Opinion: subsea industry still has a “long, hard slog” ahead

Opinion: subsea industry still has a “long, hard slog” ahead
Photo: Hydro Group

Hydro Group has hailed growth thanks to work in the defence sector but said the subsea industry it operates in still has a “long, hard slog” ahead.

The Aberdeen engineering firm saw 19% growth in sales turnover last year, primarily from work in military markets such as the Dreadnought submarine programme.

Defence contracts represent around 60% of the firm’s business, but managing director Douglas Whyte said the subsea industry – which it designs and manufactures cables and connectors for – is still plagued by volatility and a lack of new projects.

The company, which employs 125 people between bases in the north-east, US and Singapore, started 2019 with a £12.5 million backlog, which Mr Whyte said positions them well. The firm is working on Dreadnought-class submarines which will carry the UK’s Trident nuclear weapons after they replace the four-strong Vanguard fleet from the 2030s onwards.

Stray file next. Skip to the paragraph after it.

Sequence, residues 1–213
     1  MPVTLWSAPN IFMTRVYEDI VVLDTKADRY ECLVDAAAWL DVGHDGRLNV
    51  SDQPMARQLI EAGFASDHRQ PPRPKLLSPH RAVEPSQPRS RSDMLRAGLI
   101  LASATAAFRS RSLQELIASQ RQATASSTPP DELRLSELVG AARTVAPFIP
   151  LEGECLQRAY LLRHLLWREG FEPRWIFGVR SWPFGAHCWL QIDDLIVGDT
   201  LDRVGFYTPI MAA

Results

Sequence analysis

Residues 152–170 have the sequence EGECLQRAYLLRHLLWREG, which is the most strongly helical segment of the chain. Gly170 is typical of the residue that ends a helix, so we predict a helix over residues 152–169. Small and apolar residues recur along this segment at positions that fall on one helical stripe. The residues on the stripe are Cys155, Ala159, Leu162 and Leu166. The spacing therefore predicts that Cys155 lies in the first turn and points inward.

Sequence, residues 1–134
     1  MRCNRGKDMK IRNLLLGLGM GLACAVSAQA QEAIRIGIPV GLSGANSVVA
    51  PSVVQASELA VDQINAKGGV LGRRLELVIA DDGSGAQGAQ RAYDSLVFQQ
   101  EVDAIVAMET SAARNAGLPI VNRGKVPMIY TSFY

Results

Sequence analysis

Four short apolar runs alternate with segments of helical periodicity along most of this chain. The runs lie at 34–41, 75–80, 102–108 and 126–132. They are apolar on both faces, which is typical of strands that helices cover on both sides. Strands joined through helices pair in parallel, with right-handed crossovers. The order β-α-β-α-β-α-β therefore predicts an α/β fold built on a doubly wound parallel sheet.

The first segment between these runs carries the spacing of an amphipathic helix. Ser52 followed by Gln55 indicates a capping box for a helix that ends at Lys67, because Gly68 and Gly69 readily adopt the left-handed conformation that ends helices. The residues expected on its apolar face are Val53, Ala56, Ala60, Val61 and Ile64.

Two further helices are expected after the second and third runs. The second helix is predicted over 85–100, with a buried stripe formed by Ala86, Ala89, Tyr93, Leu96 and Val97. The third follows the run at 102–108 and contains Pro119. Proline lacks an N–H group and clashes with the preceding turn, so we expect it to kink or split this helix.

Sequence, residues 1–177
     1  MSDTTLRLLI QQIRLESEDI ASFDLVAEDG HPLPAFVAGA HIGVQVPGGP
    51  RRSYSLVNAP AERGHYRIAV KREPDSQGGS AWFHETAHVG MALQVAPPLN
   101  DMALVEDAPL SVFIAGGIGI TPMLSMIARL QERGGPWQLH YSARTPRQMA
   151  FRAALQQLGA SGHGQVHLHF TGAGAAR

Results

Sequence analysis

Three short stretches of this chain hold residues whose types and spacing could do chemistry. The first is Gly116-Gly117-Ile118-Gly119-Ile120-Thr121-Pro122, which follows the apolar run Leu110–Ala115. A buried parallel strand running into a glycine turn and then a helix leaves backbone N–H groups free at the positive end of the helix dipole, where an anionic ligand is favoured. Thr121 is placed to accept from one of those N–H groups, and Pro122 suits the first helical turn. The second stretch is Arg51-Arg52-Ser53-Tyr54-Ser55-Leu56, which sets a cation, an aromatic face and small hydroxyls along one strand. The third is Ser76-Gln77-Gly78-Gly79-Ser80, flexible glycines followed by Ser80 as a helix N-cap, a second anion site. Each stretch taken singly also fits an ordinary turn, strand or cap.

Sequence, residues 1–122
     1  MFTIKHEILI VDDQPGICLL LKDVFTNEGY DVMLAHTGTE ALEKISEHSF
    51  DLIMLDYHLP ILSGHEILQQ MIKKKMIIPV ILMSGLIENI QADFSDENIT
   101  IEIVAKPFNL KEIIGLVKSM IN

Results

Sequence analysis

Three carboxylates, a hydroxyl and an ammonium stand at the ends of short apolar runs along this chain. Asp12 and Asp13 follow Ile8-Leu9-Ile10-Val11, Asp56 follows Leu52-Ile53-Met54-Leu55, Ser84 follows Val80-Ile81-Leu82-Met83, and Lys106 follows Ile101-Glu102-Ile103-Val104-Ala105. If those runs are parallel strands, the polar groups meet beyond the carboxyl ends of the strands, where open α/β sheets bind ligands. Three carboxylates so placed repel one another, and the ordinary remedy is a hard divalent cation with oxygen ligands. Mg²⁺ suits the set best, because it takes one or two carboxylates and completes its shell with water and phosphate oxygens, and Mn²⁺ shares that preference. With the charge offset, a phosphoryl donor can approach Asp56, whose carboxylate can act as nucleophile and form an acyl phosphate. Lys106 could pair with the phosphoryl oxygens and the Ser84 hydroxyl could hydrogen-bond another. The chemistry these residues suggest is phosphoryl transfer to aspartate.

Mr Whyte said he expects growth to continue as the benefits of that contract starts to come through, while the firm has sight on another potential four orders, worth around £45m to Hydro Group over the next 10 -12 years.

The company posted pre-tax profits of £118,363, up from a £50,000 loss the year before, on turnover of £11m, up from £9.1 million in 2017.

While the defence sector has positioned them for growth, Mr Whyte said the subsea industry still faces a series of challenges. He added: 

“I personally think it is still a long hard slog to get back to a reasonable return in the industry because there’s so much volatility going on. I don’t think you can find anyone who would say the industry is on the up and up. Or it might be going up, but an inch compared to three or four metres higher. What’s still lacking out there is new projects and it is new projects that fuels the expansion of the subsea industry.”